Allow me to introduce you to Mindy Ambrose. Please enjoy reading part one of this two-part interview. Mindy will be discussing some of her training specifics a little later today. I also want to take this opportunity to tell you that Mindy is beginning her own column here at Lifestyle and Strength, every Tuesday. Watch for Your Friendly Neighborhood Gym Girl beginning this coming week.
L&S: When did you decide you were going to be a fitness competitor?
MA: I decided about two years ago when I learned that there were newer categories that suited my body type.
L&S: What led you to that decision?
MA: I have been consistent with weight training since I was 20 years old, and watched bodybuilding on TV all through my twenties. I knew it was something I could excel at, however there wasn’t a category at the time that suited my ideal body type. I adored the physiques of the Fitness Division, but a gymnastics-based routine was required, which I had no experience in.
When I was 30 I discovered that more categories had been created. I was training for amateur boxing at the time, and had developed a decent amount of muscle. I searched for a coach and picked a show date to compete in bikini division (the smallest and softest category,) with about 15 weeks to prep.
Part of my motivation was my insecurity with my appearance. I struggled with rocking what I was born with, appearance-wise, and wanted to force myself to just totally own it, going into my 30’s. I knew that throwing myself into the public eye and taking on modelling opportunities would show me that I didn’t have to have a commercial appearance to live out my dreams in the fitness industry. It still feels odd being introduced as a fitness model, but I enjoy it.
L&S: Has fitness always been a big part of your life?
MA: Yes it has. I can’t say there was a pivotal moment or milestone that kicked me into this lifestyle. Fitness has always been in me. When I was in grade school I loved volleyball, basketball, and track and field. I realized I had impressive strength while training for Shot Put. In secondary school, I continued with these sports, but I ached to work out in a gym like a “real athlete.”
I couldn’t afford a gym membership, so I went as a guest with anyone I knew who had a membership. Then I got a six-dollar per month youth pass to exercise classes at a rec center. Very few kids showed up to these classes, so I developed a relationship with the instructors, and they let me pick the exercises and body parts we worked each day. I was doing crazy amounts of weighted incline crunches and squats when I was 17. Even back then, I was driven by results more than anything else.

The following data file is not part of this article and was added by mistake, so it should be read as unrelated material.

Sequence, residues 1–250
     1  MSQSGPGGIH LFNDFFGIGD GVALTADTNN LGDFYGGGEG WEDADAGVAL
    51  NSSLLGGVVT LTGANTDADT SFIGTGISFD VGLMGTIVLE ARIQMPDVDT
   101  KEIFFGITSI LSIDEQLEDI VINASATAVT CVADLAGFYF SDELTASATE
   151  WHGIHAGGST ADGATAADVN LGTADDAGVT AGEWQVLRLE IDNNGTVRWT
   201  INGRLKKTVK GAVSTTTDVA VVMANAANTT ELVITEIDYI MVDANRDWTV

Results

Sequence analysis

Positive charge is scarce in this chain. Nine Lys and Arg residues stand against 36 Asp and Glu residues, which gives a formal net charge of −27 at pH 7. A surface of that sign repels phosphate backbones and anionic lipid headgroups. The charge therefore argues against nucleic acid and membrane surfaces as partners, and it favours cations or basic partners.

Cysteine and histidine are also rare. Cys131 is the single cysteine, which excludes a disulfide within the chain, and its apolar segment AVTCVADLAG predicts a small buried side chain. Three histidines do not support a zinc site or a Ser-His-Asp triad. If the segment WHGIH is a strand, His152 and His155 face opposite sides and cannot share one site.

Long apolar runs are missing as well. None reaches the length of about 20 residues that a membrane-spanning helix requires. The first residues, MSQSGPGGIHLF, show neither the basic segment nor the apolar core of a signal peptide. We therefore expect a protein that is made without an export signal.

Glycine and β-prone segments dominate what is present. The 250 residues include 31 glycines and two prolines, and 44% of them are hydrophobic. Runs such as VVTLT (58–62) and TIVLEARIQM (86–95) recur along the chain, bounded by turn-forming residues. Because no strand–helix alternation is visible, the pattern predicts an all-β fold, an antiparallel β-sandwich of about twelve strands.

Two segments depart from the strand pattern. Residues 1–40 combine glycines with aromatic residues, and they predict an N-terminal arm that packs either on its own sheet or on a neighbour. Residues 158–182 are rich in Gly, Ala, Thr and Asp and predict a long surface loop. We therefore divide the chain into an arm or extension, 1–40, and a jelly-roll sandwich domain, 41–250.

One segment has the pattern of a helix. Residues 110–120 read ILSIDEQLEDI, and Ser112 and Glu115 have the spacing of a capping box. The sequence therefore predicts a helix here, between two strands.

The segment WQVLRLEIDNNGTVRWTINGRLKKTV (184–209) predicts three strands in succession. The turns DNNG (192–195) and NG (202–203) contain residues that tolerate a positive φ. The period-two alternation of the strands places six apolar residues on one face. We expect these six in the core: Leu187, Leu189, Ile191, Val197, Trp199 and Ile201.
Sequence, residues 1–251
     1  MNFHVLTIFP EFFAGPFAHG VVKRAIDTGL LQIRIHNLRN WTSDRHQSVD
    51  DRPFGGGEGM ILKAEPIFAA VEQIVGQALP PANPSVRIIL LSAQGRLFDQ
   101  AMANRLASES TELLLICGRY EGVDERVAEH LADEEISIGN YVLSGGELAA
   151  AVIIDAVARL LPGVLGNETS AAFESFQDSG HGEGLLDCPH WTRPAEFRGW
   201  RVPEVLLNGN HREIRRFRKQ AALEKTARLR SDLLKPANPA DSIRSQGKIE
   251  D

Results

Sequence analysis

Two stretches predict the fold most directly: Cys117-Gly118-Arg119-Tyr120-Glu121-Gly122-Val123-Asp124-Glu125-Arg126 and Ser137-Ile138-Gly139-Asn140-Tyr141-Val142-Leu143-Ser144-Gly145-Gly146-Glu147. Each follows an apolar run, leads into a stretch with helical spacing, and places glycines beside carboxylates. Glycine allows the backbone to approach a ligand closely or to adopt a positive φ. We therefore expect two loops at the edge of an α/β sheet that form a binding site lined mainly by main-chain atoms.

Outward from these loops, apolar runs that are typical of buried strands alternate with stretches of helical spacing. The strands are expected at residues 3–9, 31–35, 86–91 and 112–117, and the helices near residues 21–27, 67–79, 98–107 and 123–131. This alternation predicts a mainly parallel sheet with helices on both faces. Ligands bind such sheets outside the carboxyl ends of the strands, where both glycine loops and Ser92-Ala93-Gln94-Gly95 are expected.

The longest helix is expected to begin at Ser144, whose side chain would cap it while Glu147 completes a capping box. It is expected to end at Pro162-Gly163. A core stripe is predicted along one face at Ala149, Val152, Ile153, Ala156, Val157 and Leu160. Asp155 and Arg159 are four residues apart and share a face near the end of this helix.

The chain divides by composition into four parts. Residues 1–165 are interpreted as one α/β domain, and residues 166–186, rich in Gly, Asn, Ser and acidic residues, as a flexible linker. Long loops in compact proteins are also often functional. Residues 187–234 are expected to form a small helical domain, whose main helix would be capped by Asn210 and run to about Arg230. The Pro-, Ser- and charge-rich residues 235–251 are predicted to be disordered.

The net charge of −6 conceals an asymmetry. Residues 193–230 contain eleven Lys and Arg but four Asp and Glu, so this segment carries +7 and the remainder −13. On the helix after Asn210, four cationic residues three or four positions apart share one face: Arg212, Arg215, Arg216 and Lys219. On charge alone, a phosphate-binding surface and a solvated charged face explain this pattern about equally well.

L&S: When did you start training?
MA: I would say that my first gym membership at 20 years old marked the start of pretty consistent weight-training and cardio development. I was never one of those people who had a membership but rarely used it. I absolutely loved going to the gym as a past time, and I valued feeling physically strong as a result of it.
MA: I always wanted to box – my dad used to box but said I wasn’t allowed to when I asked permission in high school. When my marriage ended at the age of 29, and I realized I had freedom to move around and train anywhere in the city, I joined a boxing gym on top of my existing gym membership. This is when I noticed a nagging feeling that I had to do something big with my passion for fitness and the physique I enjoyed building. I couldn’t get enough of the results I was seeing from such a challenging regimen.
L&S: What is your pre contest diet like?
MA: My diet has loads of healthy fats, and slow-release carbs (sometimes it feels like an effort to consume the number of carbs assigned in a day.) Obviously protein and veggies are in my diet too. I don’t consider my diet to be strict until about two weeks before stage time.
I enjoy a long list of foods, but my coach tailors the quantities allowed, on a weekly basis. Because of my consistency, lack of cheating, and self-control in the off-season, my coach doesn’t have to rely on depletion to cut my body fat before a show. I walk around at five or six pounds above stage weight in the off-season. Even on the day of my shows, other girls stare at me backstage while I ingest loads of proteins, carbs, veggies, fats, and fruit. My diet is more geared towards keeping my muscles full than depleting.
L&S: How do you deal with cravings, and what do you crave most when dieting?